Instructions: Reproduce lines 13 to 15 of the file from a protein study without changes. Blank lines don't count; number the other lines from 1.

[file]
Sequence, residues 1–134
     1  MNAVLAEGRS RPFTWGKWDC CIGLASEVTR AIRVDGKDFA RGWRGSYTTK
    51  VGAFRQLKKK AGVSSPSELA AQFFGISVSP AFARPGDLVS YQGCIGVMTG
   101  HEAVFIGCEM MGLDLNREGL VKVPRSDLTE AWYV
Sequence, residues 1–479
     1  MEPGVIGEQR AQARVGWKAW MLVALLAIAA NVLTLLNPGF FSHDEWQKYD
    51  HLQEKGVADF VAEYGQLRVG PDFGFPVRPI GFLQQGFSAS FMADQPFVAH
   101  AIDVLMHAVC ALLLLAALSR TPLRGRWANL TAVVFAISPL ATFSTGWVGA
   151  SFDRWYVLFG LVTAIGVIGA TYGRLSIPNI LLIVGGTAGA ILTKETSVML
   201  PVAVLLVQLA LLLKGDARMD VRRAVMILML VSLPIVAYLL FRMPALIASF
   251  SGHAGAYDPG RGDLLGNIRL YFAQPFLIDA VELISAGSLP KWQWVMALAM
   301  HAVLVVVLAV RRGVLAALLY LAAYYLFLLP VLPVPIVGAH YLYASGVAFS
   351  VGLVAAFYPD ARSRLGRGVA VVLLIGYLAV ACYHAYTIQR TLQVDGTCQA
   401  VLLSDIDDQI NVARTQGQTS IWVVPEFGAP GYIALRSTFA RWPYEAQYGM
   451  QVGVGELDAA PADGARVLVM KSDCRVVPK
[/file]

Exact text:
   351  VGLVAAFYPD ARSRLGRGVA VVLLIGYLAV ACYHAYTIQR TLQVDGTCQA
   401  VLLSDIDDQI NVARTQGQTS IWVVPEFGAP GYIALRSTFA RWPYEAQYGM
   451  QVGVGELDAA PADGARVLVM KSDCRVVPK